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‘Bumsters remain a formidable challenge to GTBoard’

Nov 22, 2012, 9:02 AM | Article By: Lamin B. Darboe

The issue of bumsters and limited product suites within the Tourism Development Area remains a formidable challenge for the Gambia Tourism Board, the GTB’s annual report 2011 has revealed.

The report, presented before members of the Public Accounts/Enterprises (PAC/PEC) Committees of the National Assembly on Wednesday, stated that tourists continue to be harassed at the airport and in the streets by bumsters.

Bumsters in Gambia are mostly harmless, unemployed young men who try to hassle tourists into giving them their money or some other benefit.

The report noted that cultural centres, green parks, golf courses and marinas for fishing are products that would help improve our product suite.

According to the GTB annual report, low air access continues to be a major hindrance to the destination.

“The absence of direct flights from key markets such as Russia and Poland pose major challenges in terms of boosting arrivals from key source markets and efforts should be accelerated to lure more airlines,” it added.

Logistical constraints, it said, remains a challenge with capturing tourist arrivals data at the border posts.

The report further also revealed that the marketing budget has been shrinking over the past years, noting that with renewed marketing as a strategy to boost arrivals, there is the need to augment the budget and to increase the GTB’s campaign to include direct consumer marketing in key primary markets like the UK, Holland, Spain, Sweden and Germany.

Meanwhile, in a statement delivered at the session, Benjamin Roberts, Director General of the Gambia Tourism Board, underscored the importance government attaches to the development of the tourism sector.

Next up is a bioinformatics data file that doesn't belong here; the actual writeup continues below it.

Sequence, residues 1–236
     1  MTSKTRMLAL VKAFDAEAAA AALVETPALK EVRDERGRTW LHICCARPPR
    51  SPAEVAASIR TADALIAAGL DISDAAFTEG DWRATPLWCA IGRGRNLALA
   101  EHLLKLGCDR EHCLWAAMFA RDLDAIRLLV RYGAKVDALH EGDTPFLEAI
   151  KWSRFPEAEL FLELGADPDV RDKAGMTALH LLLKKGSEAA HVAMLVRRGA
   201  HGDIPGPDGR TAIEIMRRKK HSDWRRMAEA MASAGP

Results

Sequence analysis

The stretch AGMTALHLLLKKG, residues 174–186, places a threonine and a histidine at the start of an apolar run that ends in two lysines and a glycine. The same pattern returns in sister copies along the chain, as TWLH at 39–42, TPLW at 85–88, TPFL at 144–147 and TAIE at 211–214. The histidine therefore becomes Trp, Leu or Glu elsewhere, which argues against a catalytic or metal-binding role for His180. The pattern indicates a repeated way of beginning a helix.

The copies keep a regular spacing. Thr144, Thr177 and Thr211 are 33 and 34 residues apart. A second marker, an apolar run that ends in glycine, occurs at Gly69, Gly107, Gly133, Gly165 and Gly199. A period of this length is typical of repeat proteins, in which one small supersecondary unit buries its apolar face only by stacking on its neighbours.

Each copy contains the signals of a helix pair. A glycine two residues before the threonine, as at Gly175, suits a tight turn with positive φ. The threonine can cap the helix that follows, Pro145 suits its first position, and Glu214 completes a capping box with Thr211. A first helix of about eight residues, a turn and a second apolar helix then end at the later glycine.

According to him, the tourism sector is very important not only in The Gambia, but also globally.

“Tourism under this government continues to be a leading contributor of foreign exchange to our economy thus improving the living standards of many Gambians,” Roberts told the session.

 He noted that given our resource constraints and global competitiveness in world trade and the difficulty in attracting direct foreign investment in sub-Saharan Africa, tourism is one sector where Gambia has a major competitive advantage.

“The tourism sector constitutes a major leg on which PAGE rests and is the second largest contributor to GDP, contributing about 12.5% with an estimated job creation of about 75, 000,” he added.

The restructuring of the Gambia Tourism Authority into the Gambia Tourism Board, he went on, was primarily for the objective of achieving a Tourism industry that is more robust, dynamic, and capable of making contributions to GDP of 25% by the year 2020 in line with Vision 2020.

“To achieve this, government felt that a more professional and results-oriented institution needed to be created with a renewed focus on marketing complemented by enhanced product development in efforts to increase tourism arrival numbers from the traditional average of about 100, 000 tourists per year to half a million tourist arrivals by 2020,” Roberts added.

At the end of the session, deputies unanimously adopted the Gambia Tourism Board report after deliberating on it.